• A sunny place to bask to warm their bodies: Butterflies are cold-blooded and bask in the sun to raise their body temperatures. A sunny, flowering garden with a flat stone for basking tucked among the blooms will help attract butterflies.

• Some shade for when they rest: Shrubs, small trees and vine-covered trellises provide protection from wind and rain as well as a resting place.

• A fence or tree for a windbreak: Butterflies dislike strong winds, so it helps to include ornamental grasses and tall plants to provide windbreaks.

• Damp soil or sand for a water source: Butterflies drink by sucking water from moist ground. Sink a saucer in the ground, fill with sand and soak. Then put a flat pebble at the edge for a perch. (this might be better than a sponge that you will need to clean and replace often.)

• Nectar plants for food: Butterflies are attracted to the simpler, brighter flowers. Size, shape, fragrance and visual markings on flowers help butterflies locate nectar. Butterflies more easily spot masses of color, so place flowering plants in groups if possible.

• Food plants for the caterpillars: Encourage female butterflies to lay eggs in the garden by planting larval food plants. The caterpillars that hatch will seek a safe place to form a cocoon. Several days later, a new butterfly will emerge. The larvae, or caterpillars, will eat tender foliage on these food plants, but leaves will grow back. (don't over-spray the foliage because there might be baby caterpillars in there.)

• No pesticide: Butterflies need an insecticide-free garden. Avoid toxic products."....Houston Chronicle. To see the list of flowers and larva plants go to this link:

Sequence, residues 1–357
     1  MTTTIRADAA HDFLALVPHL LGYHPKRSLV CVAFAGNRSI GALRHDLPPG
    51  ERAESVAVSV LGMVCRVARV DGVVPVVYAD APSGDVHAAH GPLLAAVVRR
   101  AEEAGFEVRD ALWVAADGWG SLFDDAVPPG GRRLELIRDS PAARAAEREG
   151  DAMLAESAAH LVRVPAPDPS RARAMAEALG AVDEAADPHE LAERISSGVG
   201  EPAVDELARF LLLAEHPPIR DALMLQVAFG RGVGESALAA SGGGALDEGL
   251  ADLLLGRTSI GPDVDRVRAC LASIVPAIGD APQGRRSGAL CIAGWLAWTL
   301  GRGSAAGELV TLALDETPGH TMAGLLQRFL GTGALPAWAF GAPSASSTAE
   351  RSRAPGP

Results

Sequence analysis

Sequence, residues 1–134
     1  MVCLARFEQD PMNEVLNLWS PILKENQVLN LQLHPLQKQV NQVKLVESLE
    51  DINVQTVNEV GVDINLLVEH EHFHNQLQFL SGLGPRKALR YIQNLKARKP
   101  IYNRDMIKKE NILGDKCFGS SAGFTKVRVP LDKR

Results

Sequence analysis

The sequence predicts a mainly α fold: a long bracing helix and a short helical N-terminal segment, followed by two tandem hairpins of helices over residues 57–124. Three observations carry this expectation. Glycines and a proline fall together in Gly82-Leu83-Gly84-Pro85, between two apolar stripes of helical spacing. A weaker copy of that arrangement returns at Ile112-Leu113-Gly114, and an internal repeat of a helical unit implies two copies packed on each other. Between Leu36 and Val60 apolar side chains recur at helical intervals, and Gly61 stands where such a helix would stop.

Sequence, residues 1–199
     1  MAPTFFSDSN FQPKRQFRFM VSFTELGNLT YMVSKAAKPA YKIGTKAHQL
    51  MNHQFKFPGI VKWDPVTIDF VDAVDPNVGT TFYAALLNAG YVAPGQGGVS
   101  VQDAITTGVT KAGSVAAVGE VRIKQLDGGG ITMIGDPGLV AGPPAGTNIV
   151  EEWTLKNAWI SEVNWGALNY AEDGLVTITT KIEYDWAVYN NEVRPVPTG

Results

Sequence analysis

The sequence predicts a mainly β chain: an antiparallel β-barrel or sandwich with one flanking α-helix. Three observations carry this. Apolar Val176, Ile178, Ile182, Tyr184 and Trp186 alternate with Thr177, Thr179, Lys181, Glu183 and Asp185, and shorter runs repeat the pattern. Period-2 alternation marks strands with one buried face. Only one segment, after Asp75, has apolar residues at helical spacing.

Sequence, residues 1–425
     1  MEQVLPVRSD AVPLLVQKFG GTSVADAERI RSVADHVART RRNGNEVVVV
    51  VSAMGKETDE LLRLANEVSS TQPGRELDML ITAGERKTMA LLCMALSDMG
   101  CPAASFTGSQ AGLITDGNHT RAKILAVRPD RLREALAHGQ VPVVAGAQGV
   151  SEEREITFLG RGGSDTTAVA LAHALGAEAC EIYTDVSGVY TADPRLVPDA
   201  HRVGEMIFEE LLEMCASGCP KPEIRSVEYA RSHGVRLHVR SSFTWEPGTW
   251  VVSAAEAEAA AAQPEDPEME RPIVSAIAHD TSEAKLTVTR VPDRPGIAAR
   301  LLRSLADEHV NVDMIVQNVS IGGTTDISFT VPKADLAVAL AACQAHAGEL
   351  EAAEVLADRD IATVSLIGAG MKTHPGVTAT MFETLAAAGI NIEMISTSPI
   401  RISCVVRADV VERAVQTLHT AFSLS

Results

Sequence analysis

http://www.chron.com/life/gardening/article/How-to-attract-butterflies-1808221.php

Good luck and have fun watching those butterflies arrive soon!
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Post  H_TX_2 on 3/29/2012, 10:22 am

Thanks for the info Roseinarosecity.

I wish I had the space for more intense planting of flowers but my gardening area is a strip of ground on the south side of my house that is about 5 1/2 feet wide and enough space for about 4 4x4 beds running east to west. In that small area I am trying to put as much polinator attracting flowers as possible. I have the wind break since it is right up against my house.


These have been out for 2 days and not a single ant. I do try and keep ants away from my garden so I'm sure that helps. I also have not seen anything else feeding from these. I really thought the bees would be all over it by now maybe I should switch one of my red bowls to a white bowl.
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Post  countrynaturals on 11/29/2019, 12:09 am

This is the wrong time of year for this, but I'm bumping it anyway, so I won't lose it. Great info, here.

One bit of trivia: Moths spin cocoons -- soft, silky containers for their caterpillars. Butterflies form chrysalides (plural of chrysalis) -- hard containers of interesting shapes.  It's one of the main differences between moths and butterflies, and watching a butterfly "pupate" is absolutely fascinating.

Monarch Pupating